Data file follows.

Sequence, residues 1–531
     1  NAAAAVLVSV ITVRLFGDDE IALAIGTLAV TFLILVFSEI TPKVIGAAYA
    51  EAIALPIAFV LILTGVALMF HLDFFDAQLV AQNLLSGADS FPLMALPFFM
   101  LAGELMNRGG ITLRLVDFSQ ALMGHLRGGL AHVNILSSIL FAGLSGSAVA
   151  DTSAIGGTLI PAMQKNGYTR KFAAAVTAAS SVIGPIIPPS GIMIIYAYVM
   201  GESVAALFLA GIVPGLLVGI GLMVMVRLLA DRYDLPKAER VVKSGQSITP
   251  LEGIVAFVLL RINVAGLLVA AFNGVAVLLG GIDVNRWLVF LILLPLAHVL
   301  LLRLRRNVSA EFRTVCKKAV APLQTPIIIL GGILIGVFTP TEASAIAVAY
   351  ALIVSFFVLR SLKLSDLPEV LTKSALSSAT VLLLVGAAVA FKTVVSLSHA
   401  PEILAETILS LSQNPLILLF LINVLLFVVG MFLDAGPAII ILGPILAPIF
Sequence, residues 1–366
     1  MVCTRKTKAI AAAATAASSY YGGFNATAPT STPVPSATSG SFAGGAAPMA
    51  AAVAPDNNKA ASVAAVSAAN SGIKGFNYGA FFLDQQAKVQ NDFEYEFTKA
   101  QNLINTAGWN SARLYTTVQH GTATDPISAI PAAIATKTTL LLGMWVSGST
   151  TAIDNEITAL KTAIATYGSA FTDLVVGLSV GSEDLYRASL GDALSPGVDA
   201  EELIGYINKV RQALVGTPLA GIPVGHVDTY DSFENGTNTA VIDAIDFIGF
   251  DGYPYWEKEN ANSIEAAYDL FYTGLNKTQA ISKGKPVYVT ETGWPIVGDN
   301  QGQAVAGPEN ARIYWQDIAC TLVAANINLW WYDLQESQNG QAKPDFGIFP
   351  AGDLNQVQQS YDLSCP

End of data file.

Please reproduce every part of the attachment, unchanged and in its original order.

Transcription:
Sequence, residues 1–531
     1  NAAAAVLVSV ITVRLFGDDE IALAIGTLAV TFLILVFSEI TPKVIGAAYA
    51  EAIALPIAFV LILTGVALMF HLDFFDAQLV AQNLLSGADS FPLMALPFFM
   101  LAGELMNRGG ITLRLVDFSQ ALMGHLRGGL AHVNILSSIL FAGLSGSAVA
   151  DTSAIGGTLI PAMQKNGYTR KFAAAVTAAS SVIGPIIPPS GIMIIYAYVM
   201  GESVAALFLA GIVPGLLVGI GLMVMVRLLA DRYDLPKAER VVKSGQSITP
   251  LEGIVAFVLL RINVAGLLVA AFNGVAVLLG GIDVNRWLVF LILLPLAHVL
   301  LLRLRRNVSA EFRTVCKKAV APLQTPIIIL GGILIGVFTP TEASAIAVAY
   351  ALIVSFFVLR SLKLSDLPEV LTKSALSSAT VLLLVGAAVA FKTVVSLSHA
   401  PEILAETILS LSQNPLILLF LINVLLFVVG MFLDAGPAII ILGPILAPIF
Sequence, residues 1–366
     1  MVCTRKTKAI AAAATAASSY YGGFNATAPT STPVPSATSG SFAGGAAPMA
    51  AAVAPDNNKA ASVAAVSAAN SGIKGFNYGA FFLDQQAKVQ NDFEYEFTKA
   101  QNLINTAGWN SARLYTTVQH GTATDPISAI PAAIATKTTL LLGMWVSGST
   151  TAIDNEITAL KTAIATYGSA FTDLVVGLSV GSEDLYRASL GDALSPGVDA
   201  EELIGYINKV RQALVGTPLA GIPVGHVDTY DSFENGTNTA VIDAIDFIGF
   251  DGYPYWEKEN ANSIEAAYDL FYTGLNKTQA ISKGKPVYVT ETGWPIVGDN
   301  QGQAVAGPEN ARIYWQDIAC TLVAANINLW WYDLQESQNG QAKPDFGIFP
   351  AGDLNQVQQS YDLSCP